Battling Arthritis – the facts

It is estimated that 20% of middle-aged dogs and 90% of older dogs experience the pain of osteoarthritis in at least one joint in their body. This disease can be both crippling and painful. Proper management can offer hope for treating and preventing the disease.

The pain and stiffness commonly called ‘arthritis’ can be one of two concerns: Rheumatoid arthritis or Osteoarthritis. Rheumatoid arthritis is a fairly rare autoimmune disorder where the pet’s body attacked its own joints and soft tissue, destroying them over time. Osteoarthritis, the more common condition, is caused by the normal wear and tear of the joints that break down cartilage. An injury can also trigger this.

Pain and disability with Osteoarthritis tends to come in three stages:

Stage 1: Mild Lameness

In the early stages of osteoarthritis, you may only notice mild lameness in your pet, occasional stiffness or slowness getting up. At this point, there is likely to be some mild joint inflammation and some slight cracks in the cartilage. Treatment at this stage can be as basic as either managing the pet’s weight to avoid stress on the joints, or adding supplements such as glucosamine, chondroitin and omega 3 fatty acids to reduce inflammation and protect the cartilage from further damage.

Stage 2: Chronic Pain

By the middle stage of osteoarthritis, the pet is in chronic pain. You may notice limping, avoidance of stairs and difficulty jumping up. At this stage, bone spurs may be forming, the spaces between the joints are narrowing and the cartilage may have thick cracks in it. Treatment now includes medications to manage the pain and swelling, as well as weight management and supportive therapies from the early stage regime. Joint injections can help – WestVETS offers stem cell therapy which has excellent results.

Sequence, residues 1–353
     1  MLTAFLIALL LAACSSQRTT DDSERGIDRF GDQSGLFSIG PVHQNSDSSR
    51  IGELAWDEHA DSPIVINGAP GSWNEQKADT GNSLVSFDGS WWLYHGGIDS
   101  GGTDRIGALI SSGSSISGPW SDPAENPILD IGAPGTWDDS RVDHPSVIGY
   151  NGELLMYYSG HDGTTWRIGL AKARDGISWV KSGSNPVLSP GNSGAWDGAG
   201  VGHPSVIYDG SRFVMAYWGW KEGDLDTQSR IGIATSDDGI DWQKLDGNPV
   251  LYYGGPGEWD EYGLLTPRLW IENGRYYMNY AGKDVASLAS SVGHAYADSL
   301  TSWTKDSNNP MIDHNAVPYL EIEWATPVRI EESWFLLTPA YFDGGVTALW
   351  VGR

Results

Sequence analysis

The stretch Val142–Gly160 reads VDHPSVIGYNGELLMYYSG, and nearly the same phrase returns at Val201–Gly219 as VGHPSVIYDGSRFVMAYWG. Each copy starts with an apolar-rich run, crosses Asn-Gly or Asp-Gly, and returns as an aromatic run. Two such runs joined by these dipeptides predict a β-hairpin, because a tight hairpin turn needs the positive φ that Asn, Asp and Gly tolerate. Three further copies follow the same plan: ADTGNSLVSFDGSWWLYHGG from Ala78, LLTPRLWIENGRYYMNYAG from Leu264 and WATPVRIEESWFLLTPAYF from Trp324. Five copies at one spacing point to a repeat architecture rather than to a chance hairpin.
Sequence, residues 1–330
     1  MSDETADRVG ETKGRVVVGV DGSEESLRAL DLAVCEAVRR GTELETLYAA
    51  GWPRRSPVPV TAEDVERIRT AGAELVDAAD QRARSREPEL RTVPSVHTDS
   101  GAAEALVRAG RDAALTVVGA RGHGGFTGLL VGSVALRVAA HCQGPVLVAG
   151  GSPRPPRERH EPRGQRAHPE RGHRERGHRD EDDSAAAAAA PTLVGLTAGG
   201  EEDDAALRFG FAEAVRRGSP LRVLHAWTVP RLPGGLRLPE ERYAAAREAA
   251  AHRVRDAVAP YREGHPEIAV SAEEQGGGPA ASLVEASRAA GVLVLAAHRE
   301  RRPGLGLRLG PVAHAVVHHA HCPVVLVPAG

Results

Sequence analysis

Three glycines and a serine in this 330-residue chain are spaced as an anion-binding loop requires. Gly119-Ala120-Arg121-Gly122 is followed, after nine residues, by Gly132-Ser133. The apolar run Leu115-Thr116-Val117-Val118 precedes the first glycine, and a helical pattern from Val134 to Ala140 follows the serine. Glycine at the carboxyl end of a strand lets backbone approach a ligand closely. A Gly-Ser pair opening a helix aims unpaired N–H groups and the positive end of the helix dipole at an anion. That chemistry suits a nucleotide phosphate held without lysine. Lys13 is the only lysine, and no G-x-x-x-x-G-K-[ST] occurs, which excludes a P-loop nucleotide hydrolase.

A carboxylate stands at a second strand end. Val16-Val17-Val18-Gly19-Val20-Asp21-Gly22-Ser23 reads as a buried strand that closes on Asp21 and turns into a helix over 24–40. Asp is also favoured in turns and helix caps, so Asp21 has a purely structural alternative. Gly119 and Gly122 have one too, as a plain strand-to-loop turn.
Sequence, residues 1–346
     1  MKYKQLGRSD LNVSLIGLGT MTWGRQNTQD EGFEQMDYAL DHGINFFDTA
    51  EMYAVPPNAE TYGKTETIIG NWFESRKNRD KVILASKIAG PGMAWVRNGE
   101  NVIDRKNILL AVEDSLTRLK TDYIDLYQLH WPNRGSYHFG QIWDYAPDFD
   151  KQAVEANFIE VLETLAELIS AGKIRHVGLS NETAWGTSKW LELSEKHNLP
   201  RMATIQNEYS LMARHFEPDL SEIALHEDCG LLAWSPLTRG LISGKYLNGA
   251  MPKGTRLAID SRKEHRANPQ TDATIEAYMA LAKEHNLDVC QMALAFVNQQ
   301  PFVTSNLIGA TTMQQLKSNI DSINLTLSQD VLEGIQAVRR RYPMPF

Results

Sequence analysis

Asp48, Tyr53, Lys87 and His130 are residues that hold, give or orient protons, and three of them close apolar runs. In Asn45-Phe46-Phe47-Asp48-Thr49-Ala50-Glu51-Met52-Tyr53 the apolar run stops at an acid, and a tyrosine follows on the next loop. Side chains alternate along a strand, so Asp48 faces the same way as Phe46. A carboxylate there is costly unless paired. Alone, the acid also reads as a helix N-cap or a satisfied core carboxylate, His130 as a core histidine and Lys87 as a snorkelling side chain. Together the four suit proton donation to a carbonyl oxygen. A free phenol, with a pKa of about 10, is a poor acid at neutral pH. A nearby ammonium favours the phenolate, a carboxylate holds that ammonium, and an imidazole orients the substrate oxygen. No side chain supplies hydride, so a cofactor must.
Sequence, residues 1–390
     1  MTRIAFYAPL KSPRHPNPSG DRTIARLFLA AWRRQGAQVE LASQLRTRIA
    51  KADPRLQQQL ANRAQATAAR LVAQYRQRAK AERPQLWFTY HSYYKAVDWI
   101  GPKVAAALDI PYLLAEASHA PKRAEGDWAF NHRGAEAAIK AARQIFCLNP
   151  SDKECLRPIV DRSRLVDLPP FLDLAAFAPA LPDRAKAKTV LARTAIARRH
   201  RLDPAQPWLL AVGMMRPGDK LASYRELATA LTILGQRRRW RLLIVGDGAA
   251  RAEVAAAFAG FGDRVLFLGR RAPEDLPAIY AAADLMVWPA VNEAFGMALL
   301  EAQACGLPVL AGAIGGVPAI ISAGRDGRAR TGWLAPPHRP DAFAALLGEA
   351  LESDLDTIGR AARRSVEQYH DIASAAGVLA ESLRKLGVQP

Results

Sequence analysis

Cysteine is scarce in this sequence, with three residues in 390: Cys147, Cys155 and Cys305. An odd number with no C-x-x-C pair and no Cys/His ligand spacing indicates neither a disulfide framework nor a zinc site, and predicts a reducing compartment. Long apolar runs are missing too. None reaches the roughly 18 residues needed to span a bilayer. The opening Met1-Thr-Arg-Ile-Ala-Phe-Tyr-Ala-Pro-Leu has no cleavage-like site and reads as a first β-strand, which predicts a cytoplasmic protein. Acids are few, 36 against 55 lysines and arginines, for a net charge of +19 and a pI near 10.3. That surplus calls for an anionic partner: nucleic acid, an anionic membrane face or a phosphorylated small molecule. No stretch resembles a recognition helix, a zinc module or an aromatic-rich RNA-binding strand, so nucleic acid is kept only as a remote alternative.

Stage 3: Severe Pain

Advanced stages of osteoarthritis can be heartbreaking. At this point, nerves may be exposed and the pet may have bone-on-bone contact in the joint. Severe lameness and swollen joints are the norm. Your pet may need assistance with basic tasks such as going out to urinate or even eating. Rest, pain medications and in some severe cases, surgery, may be your only option.

So, how do we diagnose the disease? In addition to evaluating your pet’s movement, your Vet will manipulate each joint during the physical examination. Fluid is sometimes extracted for further evaluation. Xrays help confirm the diagnosis and indicate the extent of the damage. Blood tests help distinguish osteoarthritis from rheumatoid arthritis.

What can you do to help your pet? Keeping pets at their ideal weight may be the single most important element to an arthritis prevention program, and secondly bolstering the joints cartilage and tissue with antioxidants and supplements can also be helpful. If you have any concerns about your pet’s health during these Winter months, do not hesitate to phone us on 3202 7300. Typically, prevention is better than cure.